> >----------empyre- soft-skinned space----------------------Just a quick response to Marisa and questioning feasibility of
> >Maybe rather than remediation, we can think about transformation.
> >Cultivating transformation.
> >On a small scale (for now), recovering traditional / ancient cultures of
> >food-making, such as making bread with sourdough or lievito madre, are a
> >path for disrupting the dominant commercial food paradigms of highly
> >processed foods that cater to global markets and economic viability. Rather
> >than having GMO seed monopolies and a long shelf life of flour, we opt for
> >the nutrition and longer shelf life of a handmade sourdough bread, which
> >maybe requires returning to local and small scale grain farming.
> >Besides the glyphosate tangent, what I struggled with most in making bread
> >with natural leaven were the rhythms, cycles, the time commitment, the
> >process of nurturing and attention... The form of presence it entices.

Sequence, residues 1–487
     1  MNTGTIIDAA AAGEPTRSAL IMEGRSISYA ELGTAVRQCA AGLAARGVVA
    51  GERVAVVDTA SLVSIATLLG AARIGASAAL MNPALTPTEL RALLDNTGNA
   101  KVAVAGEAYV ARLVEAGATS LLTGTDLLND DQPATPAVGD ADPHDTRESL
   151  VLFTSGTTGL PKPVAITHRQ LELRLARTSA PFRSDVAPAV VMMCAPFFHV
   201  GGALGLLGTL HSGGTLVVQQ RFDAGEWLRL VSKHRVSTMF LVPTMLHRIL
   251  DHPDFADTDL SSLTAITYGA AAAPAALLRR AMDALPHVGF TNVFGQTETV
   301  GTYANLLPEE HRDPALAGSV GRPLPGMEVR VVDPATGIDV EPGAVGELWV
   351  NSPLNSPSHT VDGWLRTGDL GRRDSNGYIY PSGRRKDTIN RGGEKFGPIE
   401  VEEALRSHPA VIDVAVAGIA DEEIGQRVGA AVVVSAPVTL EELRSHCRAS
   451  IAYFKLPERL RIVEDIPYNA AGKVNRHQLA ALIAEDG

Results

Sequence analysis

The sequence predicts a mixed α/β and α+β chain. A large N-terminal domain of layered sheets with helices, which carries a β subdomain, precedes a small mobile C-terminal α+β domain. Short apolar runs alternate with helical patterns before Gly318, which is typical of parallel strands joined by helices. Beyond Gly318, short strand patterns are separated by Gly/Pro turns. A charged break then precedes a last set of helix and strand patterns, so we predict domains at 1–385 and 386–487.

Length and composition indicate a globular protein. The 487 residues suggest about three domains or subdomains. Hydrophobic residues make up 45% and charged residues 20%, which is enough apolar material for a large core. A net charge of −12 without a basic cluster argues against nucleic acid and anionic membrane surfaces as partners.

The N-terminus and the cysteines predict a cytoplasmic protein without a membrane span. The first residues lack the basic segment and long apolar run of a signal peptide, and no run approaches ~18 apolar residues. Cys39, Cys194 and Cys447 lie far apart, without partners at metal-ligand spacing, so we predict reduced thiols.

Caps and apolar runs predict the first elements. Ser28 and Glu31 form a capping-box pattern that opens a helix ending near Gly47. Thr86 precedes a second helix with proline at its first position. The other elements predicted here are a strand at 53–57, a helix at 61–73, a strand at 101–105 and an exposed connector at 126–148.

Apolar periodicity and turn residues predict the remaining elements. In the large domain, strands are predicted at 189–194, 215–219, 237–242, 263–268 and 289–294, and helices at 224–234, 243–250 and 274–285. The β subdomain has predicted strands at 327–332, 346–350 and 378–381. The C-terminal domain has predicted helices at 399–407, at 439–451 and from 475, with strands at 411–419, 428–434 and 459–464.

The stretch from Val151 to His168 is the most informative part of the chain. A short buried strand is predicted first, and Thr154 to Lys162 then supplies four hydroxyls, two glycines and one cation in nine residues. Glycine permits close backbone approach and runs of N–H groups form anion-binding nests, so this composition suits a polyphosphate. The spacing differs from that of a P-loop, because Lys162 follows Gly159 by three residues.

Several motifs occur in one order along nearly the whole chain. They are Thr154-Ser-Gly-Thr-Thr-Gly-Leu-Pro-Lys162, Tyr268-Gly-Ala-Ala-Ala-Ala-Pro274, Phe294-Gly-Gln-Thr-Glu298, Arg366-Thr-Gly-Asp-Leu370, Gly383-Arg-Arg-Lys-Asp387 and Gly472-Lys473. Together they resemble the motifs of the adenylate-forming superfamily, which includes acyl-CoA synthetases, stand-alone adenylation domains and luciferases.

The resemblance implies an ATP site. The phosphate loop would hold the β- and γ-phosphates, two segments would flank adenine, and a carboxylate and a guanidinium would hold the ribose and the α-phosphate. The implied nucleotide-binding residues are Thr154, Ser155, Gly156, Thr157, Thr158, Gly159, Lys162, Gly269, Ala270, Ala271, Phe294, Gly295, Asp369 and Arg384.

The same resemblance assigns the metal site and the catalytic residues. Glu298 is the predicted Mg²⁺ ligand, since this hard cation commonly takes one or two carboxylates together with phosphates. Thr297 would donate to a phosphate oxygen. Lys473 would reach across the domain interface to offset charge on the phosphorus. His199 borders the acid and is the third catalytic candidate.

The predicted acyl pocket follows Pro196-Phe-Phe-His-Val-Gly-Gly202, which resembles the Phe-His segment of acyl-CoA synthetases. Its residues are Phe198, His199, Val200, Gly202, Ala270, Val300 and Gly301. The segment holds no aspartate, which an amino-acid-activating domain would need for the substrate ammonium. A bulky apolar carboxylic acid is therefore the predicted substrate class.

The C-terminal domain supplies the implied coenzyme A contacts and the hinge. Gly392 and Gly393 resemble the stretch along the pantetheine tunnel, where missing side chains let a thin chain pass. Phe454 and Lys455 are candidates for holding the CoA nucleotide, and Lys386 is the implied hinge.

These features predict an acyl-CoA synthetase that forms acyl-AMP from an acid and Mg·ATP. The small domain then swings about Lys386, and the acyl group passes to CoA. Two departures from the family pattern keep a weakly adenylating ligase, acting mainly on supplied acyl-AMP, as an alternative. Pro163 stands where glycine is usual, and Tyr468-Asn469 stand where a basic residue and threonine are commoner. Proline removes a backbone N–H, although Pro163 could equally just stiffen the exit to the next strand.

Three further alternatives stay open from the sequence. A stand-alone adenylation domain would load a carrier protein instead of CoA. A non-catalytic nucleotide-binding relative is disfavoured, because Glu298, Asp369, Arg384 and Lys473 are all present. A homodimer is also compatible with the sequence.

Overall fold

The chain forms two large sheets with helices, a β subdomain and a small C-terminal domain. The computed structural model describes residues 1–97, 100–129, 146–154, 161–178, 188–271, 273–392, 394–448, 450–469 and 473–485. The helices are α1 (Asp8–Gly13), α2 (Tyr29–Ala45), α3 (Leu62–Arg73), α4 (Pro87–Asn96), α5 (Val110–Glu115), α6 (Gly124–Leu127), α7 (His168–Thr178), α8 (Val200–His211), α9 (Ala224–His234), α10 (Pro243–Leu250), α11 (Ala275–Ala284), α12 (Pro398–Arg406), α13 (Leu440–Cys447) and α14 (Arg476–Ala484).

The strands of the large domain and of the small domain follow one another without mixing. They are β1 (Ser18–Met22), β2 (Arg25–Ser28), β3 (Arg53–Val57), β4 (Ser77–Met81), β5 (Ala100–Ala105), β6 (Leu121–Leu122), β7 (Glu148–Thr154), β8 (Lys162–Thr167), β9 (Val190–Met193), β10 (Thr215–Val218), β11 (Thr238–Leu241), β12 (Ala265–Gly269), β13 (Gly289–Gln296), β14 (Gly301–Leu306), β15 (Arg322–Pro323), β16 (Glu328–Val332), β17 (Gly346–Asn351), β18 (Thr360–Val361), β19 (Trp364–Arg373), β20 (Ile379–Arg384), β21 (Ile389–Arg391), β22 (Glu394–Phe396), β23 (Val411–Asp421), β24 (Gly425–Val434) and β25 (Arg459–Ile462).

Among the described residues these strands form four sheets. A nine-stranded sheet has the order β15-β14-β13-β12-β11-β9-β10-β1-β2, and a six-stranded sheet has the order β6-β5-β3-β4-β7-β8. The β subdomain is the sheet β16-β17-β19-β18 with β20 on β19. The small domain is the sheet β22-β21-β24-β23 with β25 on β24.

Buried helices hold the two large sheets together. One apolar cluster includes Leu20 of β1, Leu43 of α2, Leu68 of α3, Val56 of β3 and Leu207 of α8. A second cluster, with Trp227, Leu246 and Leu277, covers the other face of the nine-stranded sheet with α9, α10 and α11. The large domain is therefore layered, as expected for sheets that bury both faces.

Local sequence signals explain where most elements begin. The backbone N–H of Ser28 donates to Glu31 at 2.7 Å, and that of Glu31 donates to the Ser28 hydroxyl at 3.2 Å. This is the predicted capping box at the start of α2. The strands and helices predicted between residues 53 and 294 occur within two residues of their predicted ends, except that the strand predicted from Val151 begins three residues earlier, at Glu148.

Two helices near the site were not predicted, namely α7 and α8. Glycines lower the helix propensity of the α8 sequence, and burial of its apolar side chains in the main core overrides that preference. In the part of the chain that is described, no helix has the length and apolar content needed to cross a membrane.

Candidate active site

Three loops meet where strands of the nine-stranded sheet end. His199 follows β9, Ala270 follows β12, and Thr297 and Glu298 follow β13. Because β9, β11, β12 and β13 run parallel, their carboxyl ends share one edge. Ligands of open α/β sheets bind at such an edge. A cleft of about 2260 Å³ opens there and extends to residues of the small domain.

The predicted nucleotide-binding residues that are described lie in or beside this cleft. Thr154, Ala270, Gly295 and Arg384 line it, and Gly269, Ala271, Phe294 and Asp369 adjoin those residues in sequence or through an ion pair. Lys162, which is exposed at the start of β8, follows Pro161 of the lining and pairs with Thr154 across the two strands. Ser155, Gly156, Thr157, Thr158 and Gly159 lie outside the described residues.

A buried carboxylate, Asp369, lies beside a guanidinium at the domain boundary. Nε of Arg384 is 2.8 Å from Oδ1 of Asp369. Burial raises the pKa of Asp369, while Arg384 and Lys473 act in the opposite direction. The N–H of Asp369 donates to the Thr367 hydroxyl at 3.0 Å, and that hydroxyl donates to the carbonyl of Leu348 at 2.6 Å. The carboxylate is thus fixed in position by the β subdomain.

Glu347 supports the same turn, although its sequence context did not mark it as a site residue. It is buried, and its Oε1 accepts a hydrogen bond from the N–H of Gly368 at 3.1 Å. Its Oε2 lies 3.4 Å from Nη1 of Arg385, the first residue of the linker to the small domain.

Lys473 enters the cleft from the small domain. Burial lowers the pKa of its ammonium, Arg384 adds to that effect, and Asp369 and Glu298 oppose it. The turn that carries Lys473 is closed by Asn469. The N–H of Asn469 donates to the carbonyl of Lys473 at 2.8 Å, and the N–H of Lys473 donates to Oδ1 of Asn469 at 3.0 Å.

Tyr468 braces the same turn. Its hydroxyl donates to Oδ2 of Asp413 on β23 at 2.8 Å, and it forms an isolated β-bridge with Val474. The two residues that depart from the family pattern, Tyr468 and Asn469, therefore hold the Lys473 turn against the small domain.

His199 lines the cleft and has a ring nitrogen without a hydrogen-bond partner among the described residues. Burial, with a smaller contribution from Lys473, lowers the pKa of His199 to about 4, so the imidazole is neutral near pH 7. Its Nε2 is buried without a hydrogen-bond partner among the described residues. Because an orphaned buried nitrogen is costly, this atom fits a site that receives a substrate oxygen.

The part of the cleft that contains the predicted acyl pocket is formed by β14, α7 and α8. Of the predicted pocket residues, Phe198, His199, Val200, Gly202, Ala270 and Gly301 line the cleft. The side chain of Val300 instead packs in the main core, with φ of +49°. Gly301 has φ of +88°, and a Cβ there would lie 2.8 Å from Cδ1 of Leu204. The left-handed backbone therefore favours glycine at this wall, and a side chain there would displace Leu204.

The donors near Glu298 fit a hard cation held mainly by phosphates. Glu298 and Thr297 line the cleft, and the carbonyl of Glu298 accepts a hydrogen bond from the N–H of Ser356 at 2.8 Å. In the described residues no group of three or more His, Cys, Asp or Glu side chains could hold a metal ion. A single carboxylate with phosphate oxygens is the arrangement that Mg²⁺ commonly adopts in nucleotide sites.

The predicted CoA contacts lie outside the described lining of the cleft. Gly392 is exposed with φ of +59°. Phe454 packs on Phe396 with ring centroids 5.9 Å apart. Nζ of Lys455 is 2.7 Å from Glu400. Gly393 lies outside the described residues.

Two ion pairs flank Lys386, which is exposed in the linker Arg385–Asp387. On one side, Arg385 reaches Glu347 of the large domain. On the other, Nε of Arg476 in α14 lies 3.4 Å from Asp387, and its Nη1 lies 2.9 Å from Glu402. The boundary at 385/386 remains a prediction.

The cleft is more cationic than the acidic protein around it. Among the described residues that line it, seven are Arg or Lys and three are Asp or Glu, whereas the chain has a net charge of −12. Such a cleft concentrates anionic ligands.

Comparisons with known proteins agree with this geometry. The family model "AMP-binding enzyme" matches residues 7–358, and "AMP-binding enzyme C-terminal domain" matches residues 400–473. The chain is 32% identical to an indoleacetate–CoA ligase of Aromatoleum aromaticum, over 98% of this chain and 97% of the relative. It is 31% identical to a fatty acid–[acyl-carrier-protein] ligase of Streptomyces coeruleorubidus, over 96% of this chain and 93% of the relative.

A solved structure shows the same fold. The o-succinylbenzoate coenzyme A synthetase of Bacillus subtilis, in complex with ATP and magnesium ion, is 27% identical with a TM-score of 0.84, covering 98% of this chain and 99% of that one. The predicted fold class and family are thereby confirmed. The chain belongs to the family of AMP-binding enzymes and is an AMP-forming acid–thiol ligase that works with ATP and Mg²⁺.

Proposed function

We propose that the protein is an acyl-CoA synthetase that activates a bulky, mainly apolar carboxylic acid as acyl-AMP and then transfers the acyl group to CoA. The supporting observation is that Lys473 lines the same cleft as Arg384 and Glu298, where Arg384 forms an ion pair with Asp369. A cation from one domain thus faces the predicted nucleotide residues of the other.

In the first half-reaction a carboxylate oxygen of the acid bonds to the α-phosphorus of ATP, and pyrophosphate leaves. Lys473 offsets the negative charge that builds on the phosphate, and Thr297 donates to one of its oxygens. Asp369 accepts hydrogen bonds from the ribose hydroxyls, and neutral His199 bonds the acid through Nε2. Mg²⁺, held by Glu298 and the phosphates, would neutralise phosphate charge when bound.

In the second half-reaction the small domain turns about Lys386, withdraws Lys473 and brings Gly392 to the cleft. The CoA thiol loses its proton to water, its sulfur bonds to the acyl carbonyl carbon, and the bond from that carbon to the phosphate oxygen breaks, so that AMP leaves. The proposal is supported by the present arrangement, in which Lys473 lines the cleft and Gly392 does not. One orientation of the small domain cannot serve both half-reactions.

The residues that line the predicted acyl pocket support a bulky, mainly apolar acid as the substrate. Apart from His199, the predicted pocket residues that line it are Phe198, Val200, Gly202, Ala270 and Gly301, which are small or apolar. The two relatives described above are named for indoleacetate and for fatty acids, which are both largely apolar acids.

> >Working with an obviously living agent, a living process. But the fact that
> >it is difficult to balance DIY bread baking with precarious contemporary
> >urban lifestyle is also what is actually so exiting and promising about it.
> >What would it look like to restructure my lifestyle around symbiotic
> >I listened to this interview with Anna Tsing today where she speaks about
> >her book "Arts of Living on a Damaged Planet":
> >http://edgeeffects.net/anna-tsing/ <http://edgeeffects.net/anna-tsing/>
> >And, although I struggle, I would love to find the enthusiasm with which
> >she engages the subject of contamination.
> >What I love about her is this radical openness to the concept of change
> >rooted in the celebration of life that is surviving and emerging from the
> >I'm just beginning to nurture that narrative. Hope it rises!
> empyre forum
> empyre at lists.artdesign.unsw.edu.au <mailto:empyre at lists.artdesign.unsw.edu.au>
> http://empyre.library.cornell.edu <http://empyre.library.cornell.edu/>
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> empyre at lists.artdesign.unsw.edu.au